Medical Malpractice: How Demand for Medical Innovation Increases Physicians' Exposure to Liability

Medical Malpractice: How Demand for Medical Innovation Increases Physicians' Exposure to Liability

In the debate over the crisis in the medical malpractice system, exorbitant jury awards and insurance industry pricing tactics are often singled out as guilty parties. But a new report points out the central role medical technology plays in the formulation of health policy and legal precedents on medical negligence. The report, “Medical Liability and the Culture of Technology” by Peter D. Jacobson, says that the history of medical malpractice liability closely parallels the development of medical technology, and that any attempt at reforming the system must take into account how technology influences malpractice liability—and vice versa.

“In a sense, technology is both a savior and a culprit,” Jacobson says. “Savior in extending length and improving quality of life; culprit in causing rapid increases in health care expenditures and, for physicians, considerably more exposure to liability.”

The report, one in a series produced by the Project on Medical Liability in Pennsylvania, funded by The Pew Charitable Trusts, explores the relationship between technology and medical liability, based on several assumptions: Technology is the principal driver of health policy, health care delivery and negligence law. But, most important, the report says, is the “culture of technology,” which is the major force in the development and use of medical technology.

American medicine thrives on the inexhaustible demand for high-tech medical interventions. Patients expect the latest treatments and devices, putting added pressure on physicians to embrace the newest technologies. But this culture of technology can lead to unrealistic patient expectations and a proclivity to sue when procedures fail. These trends have significant effects on malpractice liability.

“Along with improving health, technological advances create opportunities for error in diagnosis and treatment, and those errors may result in more visible and more severe outcomes,” Jacobson writes. “The precision of new technologies means that momentary lapses can have major adverse consequences.”

Jacobson, a professor at the University of Michigan School of Public Health, sees no easy legal or policy solution to the technological imperative. But the report lays out a series of recommendations that could provide greater stability in the medical liability system while continuing to encourage the broad and safe adoption of new technological advances:

  • The Culture of Technology—A more forthright debate is needed between medical leaders and the public over the cultural aspects of medical technology to alter expectations about what new treatments and devices are capable of achieving.    
  • Technology Assessment—Develop a more robust technology assessment process that helps ensure patient safety by limiting improper use of unproven innovations and allowing more training time for physicians and other health professionals.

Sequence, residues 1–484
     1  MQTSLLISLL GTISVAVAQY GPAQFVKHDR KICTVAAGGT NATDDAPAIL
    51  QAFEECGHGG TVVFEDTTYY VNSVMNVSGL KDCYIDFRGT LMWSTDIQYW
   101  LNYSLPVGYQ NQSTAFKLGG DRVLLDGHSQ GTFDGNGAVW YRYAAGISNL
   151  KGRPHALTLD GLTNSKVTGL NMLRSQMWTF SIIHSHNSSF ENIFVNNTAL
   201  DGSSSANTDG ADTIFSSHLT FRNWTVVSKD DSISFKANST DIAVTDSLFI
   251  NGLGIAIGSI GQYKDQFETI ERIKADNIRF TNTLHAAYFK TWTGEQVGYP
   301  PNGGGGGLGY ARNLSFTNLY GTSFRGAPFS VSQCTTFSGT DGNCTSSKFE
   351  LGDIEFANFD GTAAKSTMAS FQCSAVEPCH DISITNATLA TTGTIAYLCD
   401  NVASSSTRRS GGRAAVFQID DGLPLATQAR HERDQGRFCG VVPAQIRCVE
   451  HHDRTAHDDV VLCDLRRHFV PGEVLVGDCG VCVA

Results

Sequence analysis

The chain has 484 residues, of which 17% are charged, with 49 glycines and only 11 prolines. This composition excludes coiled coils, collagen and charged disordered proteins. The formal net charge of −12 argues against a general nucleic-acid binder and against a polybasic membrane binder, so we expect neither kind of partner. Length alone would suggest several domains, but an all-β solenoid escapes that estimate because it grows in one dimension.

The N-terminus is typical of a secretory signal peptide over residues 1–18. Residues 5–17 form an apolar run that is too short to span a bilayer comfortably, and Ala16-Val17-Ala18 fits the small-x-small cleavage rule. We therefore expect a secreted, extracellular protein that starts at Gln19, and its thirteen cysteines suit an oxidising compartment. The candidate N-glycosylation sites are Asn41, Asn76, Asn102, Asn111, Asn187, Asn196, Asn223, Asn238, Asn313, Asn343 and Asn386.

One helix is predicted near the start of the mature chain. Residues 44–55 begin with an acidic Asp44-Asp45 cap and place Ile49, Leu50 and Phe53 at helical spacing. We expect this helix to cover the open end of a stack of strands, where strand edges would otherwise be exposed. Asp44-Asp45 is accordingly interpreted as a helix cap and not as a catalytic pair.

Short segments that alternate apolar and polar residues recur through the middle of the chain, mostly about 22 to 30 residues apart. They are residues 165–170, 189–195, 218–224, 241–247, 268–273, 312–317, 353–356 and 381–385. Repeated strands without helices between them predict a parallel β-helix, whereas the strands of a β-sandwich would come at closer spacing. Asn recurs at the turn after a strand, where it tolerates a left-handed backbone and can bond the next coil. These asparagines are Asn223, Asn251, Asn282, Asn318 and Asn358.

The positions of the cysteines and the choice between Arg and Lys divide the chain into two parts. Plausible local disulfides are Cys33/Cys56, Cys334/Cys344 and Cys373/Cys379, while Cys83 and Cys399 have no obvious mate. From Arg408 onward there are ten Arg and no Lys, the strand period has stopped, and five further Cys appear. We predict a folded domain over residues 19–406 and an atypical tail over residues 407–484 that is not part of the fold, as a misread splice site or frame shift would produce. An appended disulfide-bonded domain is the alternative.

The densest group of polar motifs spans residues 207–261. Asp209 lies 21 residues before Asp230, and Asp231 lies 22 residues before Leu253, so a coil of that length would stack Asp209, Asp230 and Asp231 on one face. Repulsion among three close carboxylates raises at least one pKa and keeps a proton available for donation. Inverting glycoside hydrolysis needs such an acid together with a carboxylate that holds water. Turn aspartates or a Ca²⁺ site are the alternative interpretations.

• Legal Standards of Care—Change the standard of care to incorporate cost-benefit analysis, allowing physicians to weigh available resources when deciding to adopt new technologies.    
  • Liability Doctrine—Design a no-fault system in cases where causation is indeterminate (such as with neurologically impaired infants).    
  • Expert Testimony—Expert witnesses are necessary in establishing liability for the use of technology, but they often disagree over what constitutes appropriate care. Jacobson describes three possible solutions: independent panels under judicial supervision to review and monitor expert testimony; use of court-appointed experts; or developing specialized courts. Of these, he argues that the best solution is an independent judiciary panel that would review and monitor expert testimony, and make use of court-appointed experts.

Jacobson concludes his report with a cautionary note: “Malpractice crises have generated an enormous amount of commentary, empirical report and reform proposals. By focusing political attention on simplistic fixes, such as caps on damages, policymakers have lost sight of the broader factors responsible for the recurrent malpractice crises. As long as society demands technological innovation, liability exposure is an inevitable consequence for physicians, hospitals and other health care providers.”

The Project on Medical Liability in Pennsylvania provides Pennsylvania policy makers with objective information about the medical liability system; broadens participation in the medical liability debate to include new constituencies and perspectives; and focuses attention on the relationship between medical liability and the overall health and prosperity of the Commonwealth. The Project is working with leading health policy experts from across the nation and will continue to publish both original research based on new data and expert analyses. The Project will generate information from a broad range of perspectives, without promoting the agenda of any of the stakeholders in the debate.